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In the beginning there was Oak. It was totally proprietary and hidden from normal view. Oak blossomed into Java and addicted vast legions of people because it was basically free. The fact that anyone could get the Java source code and port it to new platforms and release his binaries to the public was a clear statement that Sun was serious about making Java an open platform.
I am often asked whether and when there will be support for other platforms. Sun officially only supports its own Solaris 2.x for SPARC and x86, Microsoft's Windows 95 & NT, and Apple's MacOS.
Sun has commercially licensed Java to the likes of Borland, HP, IBM, Microsoft, Oracle, Silicon Graphics, and Symantec (check out Sun's Java licensees for a more complete list). A good portion of the licensees are porting Java to a number of additional platforms. Unfortunately, many platforms (such as FreeBSD, GEOS, Linux, and even Sun's own SunOS) are not targeted for a Java port by any commercial licensee. To fill the gap, a number of individuals have taken the task upon themselves to produce ports to some of those commercially unsupported platforms.
Randy Chapman took on the porting task for the Linux Java community. The success of this and other non-commercial porting projects helped to solidify the notion that Java was truly going to be an open, cross-platform solution. Sure, the commercial licensees like SGI, Symantec, Microsoft, and Borland have helped to legitimize and strengthen the Java movement, but a good chunk of the huge Java groundswell has been from folks using the "fringe" systems like Linux.
The porting problem has been creeping up on everyone since the v1.0 beta releases. The license agreements in the earlier releases sounded quite clear on the issues of distributing ported Sun Java tools in binary format (note that source code redistribution has never been allowed). The licensing agreements in the more recent releases, however, have seemingly become increasingly strict for the non-commercial licensees. The original Oak/Java team may have threatened to leave en masse if the pre-alpha version was not made "freely available," but since that time many of them have left Sun/JavaSoft anyway, so some folks fear that the lawyers have taken firm control of Java at this point and that the licensing terms will only get tighter.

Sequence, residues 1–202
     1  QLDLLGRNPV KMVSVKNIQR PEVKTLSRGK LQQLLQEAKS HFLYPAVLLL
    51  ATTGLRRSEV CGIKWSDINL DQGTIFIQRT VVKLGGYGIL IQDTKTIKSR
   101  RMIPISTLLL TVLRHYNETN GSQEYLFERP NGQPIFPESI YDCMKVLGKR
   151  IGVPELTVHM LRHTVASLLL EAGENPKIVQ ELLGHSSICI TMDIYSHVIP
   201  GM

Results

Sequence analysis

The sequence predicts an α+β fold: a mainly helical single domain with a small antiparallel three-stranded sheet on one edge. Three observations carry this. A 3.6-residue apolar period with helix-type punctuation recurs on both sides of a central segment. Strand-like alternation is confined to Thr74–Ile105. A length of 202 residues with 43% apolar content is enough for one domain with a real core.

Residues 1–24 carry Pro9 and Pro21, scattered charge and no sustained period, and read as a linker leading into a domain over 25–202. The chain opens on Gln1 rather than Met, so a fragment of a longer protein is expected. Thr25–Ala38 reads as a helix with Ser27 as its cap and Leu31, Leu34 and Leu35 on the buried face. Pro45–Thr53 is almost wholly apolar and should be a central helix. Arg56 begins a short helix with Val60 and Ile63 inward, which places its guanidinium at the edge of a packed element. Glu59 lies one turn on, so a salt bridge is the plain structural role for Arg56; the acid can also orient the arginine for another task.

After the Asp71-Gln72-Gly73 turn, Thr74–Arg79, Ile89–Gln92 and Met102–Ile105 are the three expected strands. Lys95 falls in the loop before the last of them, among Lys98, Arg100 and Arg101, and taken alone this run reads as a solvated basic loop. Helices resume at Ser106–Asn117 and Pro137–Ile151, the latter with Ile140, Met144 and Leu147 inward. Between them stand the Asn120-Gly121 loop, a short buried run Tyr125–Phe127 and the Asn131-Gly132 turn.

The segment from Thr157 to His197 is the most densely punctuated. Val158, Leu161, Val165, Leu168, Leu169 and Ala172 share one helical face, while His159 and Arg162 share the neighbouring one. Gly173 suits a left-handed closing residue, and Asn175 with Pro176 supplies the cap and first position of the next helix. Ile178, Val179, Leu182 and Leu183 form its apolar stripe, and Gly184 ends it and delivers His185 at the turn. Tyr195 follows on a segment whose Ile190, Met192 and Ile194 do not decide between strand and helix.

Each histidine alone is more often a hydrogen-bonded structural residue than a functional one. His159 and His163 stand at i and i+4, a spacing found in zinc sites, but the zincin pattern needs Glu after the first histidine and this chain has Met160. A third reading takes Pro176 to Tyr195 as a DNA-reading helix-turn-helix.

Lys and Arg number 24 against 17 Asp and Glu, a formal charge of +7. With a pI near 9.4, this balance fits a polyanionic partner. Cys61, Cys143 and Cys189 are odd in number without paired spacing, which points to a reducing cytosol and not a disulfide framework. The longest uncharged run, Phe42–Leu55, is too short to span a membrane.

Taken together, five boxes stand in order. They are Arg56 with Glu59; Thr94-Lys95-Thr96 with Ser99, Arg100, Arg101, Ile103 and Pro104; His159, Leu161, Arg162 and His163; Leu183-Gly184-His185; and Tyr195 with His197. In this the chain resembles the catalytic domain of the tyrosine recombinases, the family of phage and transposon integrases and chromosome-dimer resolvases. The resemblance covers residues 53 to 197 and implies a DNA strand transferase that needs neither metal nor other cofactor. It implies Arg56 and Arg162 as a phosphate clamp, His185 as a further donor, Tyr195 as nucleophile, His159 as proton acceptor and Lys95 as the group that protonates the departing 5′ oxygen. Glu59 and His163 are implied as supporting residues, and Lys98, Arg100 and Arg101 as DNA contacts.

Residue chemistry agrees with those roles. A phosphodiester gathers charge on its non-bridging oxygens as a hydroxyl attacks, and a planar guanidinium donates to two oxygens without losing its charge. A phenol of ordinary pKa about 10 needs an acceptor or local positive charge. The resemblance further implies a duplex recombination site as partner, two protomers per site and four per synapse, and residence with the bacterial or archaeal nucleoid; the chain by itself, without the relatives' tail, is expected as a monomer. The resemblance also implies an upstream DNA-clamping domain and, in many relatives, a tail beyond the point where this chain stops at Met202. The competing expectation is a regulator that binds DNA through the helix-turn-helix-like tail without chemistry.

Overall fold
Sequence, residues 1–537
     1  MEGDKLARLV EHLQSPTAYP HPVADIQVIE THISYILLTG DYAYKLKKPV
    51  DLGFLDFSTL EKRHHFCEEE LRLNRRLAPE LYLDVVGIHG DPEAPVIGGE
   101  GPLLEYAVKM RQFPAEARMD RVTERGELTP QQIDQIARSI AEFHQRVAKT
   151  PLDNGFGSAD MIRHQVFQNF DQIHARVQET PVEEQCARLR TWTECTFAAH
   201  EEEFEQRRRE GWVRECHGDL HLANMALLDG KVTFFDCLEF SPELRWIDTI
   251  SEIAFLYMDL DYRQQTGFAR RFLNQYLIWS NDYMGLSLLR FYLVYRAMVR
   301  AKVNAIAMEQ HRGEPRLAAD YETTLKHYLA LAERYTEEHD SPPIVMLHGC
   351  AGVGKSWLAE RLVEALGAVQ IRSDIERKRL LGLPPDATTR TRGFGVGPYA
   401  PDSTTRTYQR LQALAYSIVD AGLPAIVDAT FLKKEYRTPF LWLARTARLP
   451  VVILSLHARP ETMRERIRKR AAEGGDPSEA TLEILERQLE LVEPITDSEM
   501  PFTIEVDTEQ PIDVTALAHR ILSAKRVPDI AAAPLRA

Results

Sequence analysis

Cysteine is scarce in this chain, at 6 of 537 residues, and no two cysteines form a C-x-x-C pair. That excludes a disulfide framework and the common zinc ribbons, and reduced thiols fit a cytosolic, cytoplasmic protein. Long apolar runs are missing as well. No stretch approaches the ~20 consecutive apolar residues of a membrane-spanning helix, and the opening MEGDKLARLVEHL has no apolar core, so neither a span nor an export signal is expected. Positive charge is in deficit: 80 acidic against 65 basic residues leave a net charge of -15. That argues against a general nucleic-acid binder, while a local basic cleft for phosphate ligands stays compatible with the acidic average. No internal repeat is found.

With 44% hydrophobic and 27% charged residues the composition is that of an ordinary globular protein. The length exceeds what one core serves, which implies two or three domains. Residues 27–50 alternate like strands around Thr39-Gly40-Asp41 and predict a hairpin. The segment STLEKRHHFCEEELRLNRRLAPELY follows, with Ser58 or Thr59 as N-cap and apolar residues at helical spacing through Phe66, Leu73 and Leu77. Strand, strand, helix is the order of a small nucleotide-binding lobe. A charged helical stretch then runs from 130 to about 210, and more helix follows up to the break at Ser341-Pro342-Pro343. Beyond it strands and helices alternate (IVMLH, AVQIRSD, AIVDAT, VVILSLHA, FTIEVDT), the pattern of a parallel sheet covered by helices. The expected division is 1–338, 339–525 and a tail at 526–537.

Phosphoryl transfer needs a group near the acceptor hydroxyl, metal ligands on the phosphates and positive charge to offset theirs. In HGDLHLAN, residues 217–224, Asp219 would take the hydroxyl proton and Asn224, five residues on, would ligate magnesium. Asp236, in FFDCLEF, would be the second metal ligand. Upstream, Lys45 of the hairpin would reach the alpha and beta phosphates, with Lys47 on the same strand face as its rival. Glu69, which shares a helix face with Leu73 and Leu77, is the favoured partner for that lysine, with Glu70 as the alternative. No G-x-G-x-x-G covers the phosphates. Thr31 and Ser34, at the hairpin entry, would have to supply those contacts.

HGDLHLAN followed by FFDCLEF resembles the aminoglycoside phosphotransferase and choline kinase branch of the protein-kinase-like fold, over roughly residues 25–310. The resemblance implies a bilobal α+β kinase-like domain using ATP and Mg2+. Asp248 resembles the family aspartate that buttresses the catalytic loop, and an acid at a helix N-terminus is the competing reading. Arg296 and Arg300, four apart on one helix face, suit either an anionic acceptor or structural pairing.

As of this writing, there are no plans for a Linux port of the Java Developer's Kit (JDK) 1.0.2 or any subsequent version. Given that the Linux port has been a sort of flagship for other free porting groups, it is likely that the other groups will follow the Linux port's lead. The JDK 1.0.2 license is, according to the non-commercial porting folks, too ambiguous for them to continue. It seems to imply that by releasing the binaries they have created by porting the Sun Java source code, these groups are opening themselves to some potentially severe legal action from Sun. The porters do not feel it is worth the risk of Sun suing them into the oblivion (er, um, for "damages") when they have done all of this work for the benefit of the Java community (and hence, for Sun). I have not been privy to any of the private communication between the porting folks and Sun, but it has been pretty clear in the reports to the Linux Java community that until yesterday Sun has basically ignored all efforts to clarify and try to rectify the situation.